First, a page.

Metadata provides structure and organization, both enabling and constraining searches, Big Data analysis and the use of other tools to look at what it tags. It’s sometimes invisible to users, often ignored by them in any case, and yet can heavily influence the materials they consider as well as the results they receive when applying analytic tools. There’s also a deep tension between having clear and consistent tags which convey information in a brief and precise manner, and tags which capture provisional or uncertain information or permit for the range of fuzziness which often arises in non-computing spaces. For example, the metadata on EEBO-TCP texts whose dates are conjectural defaults to the beginning of the century they were likely written in, meaning that various sorts of analysis will find spikes in 1501 or 1601 or 1701 because those dates match the metadata entries for these texts.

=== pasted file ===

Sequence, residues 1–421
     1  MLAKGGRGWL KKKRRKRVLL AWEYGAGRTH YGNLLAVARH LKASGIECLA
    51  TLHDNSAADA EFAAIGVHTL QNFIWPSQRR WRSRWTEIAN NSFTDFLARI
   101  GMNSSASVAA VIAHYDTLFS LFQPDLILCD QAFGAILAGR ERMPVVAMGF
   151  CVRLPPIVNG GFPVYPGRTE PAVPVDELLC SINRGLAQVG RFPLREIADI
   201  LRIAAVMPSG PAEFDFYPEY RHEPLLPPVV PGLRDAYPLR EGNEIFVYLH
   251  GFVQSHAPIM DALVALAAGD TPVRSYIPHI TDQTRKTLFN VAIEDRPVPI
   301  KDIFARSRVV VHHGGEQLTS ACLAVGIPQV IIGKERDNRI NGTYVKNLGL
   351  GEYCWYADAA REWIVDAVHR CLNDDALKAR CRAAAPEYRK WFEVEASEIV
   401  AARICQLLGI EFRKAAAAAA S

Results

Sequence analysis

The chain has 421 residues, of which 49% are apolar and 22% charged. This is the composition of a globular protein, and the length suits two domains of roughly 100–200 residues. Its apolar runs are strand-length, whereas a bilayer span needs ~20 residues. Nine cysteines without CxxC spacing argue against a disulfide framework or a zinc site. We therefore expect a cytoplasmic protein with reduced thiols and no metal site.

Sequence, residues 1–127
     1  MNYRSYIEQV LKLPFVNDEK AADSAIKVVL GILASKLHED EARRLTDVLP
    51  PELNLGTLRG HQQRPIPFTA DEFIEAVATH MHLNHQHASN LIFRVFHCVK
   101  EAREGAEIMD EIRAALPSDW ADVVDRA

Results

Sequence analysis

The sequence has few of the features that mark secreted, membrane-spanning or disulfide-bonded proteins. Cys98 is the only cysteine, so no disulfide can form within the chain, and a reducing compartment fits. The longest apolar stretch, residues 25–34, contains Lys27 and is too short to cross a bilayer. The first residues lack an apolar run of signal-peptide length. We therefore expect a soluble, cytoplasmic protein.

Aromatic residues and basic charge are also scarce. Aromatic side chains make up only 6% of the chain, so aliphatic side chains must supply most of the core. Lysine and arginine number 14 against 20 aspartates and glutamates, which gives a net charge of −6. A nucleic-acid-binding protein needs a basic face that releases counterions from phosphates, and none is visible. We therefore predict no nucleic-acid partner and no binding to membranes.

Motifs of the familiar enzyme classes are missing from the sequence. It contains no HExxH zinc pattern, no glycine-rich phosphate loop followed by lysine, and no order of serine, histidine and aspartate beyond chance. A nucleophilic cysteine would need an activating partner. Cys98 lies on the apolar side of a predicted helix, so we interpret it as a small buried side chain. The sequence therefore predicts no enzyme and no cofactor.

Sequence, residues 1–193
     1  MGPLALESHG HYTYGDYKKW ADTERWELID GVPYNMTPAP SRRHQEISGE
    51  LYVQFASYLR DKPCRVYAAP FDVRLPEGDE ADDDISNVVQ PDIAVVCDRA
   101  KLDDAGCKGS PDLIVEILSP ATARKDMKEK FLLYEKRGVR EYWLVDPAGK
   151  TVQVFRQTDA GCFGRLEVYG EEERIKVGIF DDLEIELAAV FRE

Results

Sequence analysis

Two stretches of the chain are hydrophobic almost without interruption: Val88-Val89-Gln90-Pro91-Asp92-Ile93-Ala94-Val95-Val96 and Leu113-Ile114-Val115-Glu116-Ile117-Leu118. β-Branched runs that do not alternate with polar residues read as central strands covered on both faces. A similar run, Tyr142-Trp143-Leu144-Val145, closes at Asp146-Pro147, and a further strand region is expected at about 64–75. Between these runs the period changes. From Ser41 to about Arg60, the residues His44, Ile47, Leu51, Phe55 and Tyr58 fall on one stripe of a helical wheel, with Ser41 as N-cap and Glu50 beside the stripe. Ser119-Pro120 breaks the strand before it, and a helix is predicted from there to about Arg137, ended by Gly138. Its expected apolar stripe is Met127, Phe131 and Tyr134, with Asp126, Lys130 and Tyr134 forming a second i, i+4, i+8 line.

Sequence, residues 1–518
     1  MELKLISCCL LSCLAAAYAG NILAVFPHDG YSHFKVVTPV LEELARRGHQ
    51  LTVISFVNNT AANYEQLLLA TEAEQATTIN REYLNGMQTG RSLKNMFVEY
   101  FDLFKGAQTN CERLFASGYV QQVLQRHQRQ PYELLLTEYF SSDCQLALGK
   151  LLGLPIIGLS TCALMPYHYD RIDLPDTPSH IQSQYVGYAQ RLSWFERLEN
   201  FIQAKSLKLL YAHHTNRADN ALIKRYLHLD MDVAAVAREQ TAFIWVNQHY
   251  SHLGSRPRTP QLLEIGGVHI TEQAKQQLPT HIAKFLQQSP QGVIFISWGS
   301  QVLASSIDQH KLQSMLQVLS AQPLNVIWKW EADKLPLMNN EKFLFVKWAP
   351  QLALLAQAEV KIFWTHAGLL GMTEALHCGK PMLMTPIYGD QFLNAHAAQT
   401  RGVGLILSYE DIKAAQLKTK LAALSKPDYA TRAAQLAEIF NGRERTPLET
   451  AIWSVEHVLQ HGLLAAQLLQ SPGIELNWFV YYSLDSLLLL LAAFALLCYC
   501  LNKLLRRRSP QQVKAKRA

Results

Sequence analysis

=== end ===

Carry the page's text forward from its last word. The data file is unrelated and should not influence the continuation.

I’d like to invite a conversation between participants which considers both the practical, on-the-ground realities of making metadata for search and designing search tools to draw out the meaning of metadata, as well as the broader theoretical issues involved in placing a definitive tag on material which may be quite indefinite. (Does Shakespeare’s [i]King Lear[/i] receive a tragedy or history tag, for example?)